Judgment : Ranjit Kumar Karmakar @ Dulal Karmakar V. Hari Shankar Das

Judgment Date  16 Apr 2019                                                                                         Click Here To Read Digest
Ranjit Kumar Karmakar @ Dulal Karmakar ....Appellant
Hari Shankar Das ...Respondent

[Civil Appeal No.3967 of 2019 arising out of S.L.P. (C) No.8898 of 2015]

Ranjit Kumar Karmakar @ Dulal Karmakar V. Hari Shankar Das

1. Leave granted.

2. This appeal is filed against the final judgment and order dated 24.09.2014 passed by the High Court of Tripura at Agartala in R.S.A. No.42 of 2007 whereby the High Court allowed the second appeal filed by the  respondent herein, set aside the judgment/decree dated 24.04.2007 passed by the Additional District Judge, West Tripura, Agartala in T.A. No.34 of 2006 and restored the judgment/decree dated 05.04.2006 passed by the Civil Judge(Junior Division) No.2, Agartala, West Tripura in T.S. No.103 of 2004.

3. A few facts need mention hereinbelow for the disposal of this appeal, which involves a short point.

4. The appellant is the plaintiff and the respondent is the defendant of the civil suit out of which this appeal arises.

5. The appellant filed a civil suit (T.S.No.103 of 2004) against the respondent in the Court of Civil Judge (Junior Division). The suit was for declaration of his right, title and interest in the suit land, for confirmation of his possession over the suit land and lastly for permanent injunction. The respondent contested the suit.

6. The Trial Court, by judgment/decree dated 05.04.2006 dismissed the suit. The plaintiff (appellant herein) felt aggrieved and filed first appeal (T.A. No.34/2006) before the Additional District Judge, West Tripura, Agartala. By judgment dated 24.04.2007, the First Appellate Court allowed the appeal and decreed the suit.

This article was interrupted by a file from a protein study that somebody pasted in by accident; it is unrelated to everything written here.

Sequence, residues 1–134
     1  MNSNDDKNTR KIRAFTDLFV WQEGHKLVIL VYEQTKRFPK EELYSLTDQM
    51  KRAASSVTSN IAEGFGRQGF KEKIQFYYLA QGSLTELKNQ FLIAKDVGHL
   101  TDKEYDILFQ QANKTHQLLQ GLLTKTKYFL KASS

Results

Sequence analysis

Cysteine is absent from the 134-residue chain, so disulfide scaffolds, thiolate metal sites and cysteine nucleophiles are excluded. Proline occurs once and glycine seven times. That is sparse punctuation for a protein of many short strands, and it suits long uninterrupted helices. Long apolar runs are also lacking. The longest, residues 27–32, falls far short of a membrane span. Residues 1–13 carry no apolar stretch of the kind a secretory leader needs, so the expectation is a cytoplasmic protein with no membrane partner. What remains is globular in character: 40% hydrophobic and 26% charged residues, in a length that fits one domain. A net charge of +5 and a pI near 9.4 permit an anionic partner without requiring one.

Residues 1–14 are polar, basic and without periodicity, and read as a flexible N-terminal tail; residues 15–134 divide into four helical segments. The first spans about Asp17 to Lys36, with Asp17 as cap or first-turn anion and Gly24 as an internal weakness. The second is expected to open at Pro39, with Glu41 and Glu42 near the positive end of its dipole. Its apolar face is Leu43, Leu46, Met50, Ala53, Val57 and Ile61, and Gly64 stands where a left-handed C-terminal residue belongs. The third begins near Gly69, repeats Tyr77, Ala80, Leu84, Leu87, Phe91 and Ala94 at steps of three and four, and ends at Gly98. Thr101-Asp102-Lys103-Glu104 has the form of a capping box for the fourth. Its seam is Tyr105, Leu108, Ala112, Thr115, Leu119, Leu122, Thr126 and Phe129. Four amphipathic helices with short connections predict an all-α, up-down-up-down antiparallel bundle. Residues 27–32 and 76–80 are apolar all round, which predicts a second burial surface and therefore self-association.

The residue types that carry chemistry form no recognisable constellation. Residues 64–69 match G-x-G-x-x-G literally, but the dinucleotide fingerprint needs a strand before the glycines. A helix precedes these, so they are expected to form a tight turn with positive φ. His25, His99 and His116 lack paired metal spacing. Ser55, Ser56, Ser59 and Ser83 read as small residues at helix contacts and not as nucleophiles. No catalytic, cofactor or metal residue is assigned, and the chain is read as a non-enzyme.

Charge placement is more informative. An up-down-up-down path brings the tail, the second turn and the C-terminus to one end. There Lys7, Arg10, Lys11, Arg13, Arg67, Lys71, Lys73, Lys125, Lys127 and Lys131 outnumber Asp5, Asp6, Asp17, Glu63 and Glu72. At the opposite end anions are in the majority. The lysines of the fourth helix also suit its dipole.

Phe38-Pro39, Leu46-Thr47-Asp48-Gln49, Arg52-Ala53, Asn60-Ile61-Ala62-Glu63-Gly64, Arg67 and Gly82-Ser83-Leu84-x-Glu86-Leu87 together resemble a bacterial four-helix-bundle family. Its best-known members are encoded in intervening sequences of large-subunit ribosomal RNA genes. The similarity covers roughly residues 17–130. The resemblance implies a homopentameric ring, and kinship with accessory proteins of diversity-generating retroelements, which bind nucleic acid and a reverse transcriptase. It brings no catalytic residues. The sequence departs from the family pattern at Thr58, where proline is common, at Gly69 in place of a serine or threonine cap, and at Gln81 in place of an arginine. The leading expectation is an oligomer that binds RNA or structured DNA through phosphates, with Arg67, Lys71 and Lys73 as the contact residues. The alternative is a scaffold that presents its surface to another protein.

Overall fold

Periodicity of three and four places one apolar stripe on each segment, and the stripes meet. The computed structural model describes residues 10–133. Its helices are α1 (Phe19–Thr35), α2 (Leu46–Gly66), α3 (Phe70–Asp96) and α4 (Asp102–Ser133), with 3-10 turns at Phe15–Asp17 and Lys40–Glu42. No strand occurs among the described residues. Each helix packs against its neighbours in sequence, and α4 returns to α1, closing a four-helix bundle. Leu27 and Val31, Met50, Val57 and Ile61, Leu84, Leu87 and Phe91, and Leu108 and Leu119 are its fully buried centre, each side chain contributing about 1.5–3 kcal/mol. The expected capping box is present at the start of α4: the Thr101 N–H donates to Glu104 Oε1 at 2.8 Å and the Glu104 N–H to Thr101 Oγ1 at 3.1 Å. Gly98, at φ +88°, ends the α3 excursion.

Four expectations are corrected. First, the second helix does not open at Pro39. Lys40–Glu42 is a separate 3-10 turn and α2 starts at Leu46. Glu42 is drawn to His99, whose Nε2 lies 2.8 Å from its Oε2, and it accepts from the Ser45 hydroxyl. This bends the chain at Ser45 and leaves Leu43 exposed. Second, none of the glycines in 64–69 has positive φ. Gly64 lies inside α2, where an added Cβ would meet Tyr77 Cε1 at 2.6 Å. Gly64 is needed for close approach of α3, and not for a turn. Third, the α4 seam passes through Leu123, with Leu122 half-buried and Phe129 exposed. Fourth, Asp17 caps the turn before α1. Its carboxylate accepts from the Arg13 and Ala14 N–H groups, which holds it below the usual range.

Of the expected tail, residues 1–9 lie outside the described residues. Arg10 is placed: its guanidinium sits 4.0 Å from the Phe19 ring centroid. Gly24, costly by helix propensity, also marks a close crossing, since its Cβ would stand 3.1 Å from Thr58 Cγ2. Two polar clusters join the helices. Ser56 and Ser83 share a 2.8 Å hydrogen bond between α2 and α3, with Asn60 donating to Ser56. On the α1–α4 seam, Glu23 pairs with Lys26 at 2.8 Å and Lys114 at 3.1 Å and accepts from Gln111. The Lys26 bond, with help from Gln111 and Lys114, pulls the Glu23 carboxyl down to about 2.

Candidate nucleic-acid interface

7. The defendant (respondent herein) felt aggrieved and filed second appeal in the High Court of Tripura. By impugned order, the High Court allowed the appeal and set aside the judgment of the first Appellate Court and restored the judgment/decree of the Trial Court which has given rise to filing of this appeal by way of special leave to appeal by the plaintiff in this Court.

8. Heard Ms. Malini Poduval, learned counsel for the appellant and Mr. Rituraj Biswas, learned counsel for the respondent.

9. Having heard the learned counsel for the parties and on perusal of the record of the case, we are  constrained to allow the appeal and while setting aside the impugned order, remand the case to the High Court for rehearing of the second appeal afresh on merits in accordance with law.

10. The need to remand the case to the High Court has arisen because on perusal of the impugned order, we notice that the High Court though admitted the defendant’s second appeal by framing as many as six substantial questions of law for its hearing but practically none of the substantial questions of law were answered either way by the High Court while allowing the second appeal by the impugned order.

11. In other words, though the High Court admitted the second appeal on six questions but did not answer any of them on merits and instead went into discussion on all other issues, which were not the subject matter of the six questions framed and allowed the second appeal as if it was deciding the first appeal.

11. Section 100 (5) of the Code of Civil Procedure, 1908 (hereinafter referred to as “the Code”), in express terms, provides that the second appeal shall be heard only on the substantial question(s) of law framed by the High Court under Section 100 (4) of the Code. Therefore, the High Court has to confine its inquiry to the question(s) framed and not beyond it.

12. The proviso to subsection (5) of Section 100 of the Code also enables the respondent to raise a plea at the time of hearing that the questions framed either do not arise in the case or the questions framed are not the substantial questions of law. At the same time, the High Court has the jurisdiction to frame any additional question(s) of law but this the High Court can do by assigning the reasons.

13. Since the High Court failed to answer the six questions (set out in Para 2 of impugned order) either way on their respective merits and yet proceeded to allow the second appeal, such order, in our view, is not legally sustainable and has to be set aside.

14. In view of the foregoing discussion, the appeal succeeds and is accordingly allowed. The impugned order is set aside. The case is remanded to the High Court for deciding the second appeal, out of which this appeal arises, afresh on its merits in accordance with law uninfluenced by any observations made in the impugned order and in this order because having formed an opinion to remand the case, we have not expressed any opinion on the merits of the controversy.

……………………………………..J. [ABHAY MANOHAR SAPRE]

……………………………………..J. [DINESH MAHESHWARI]

New Delhi;

April 16, 2019.

April 25, 2019

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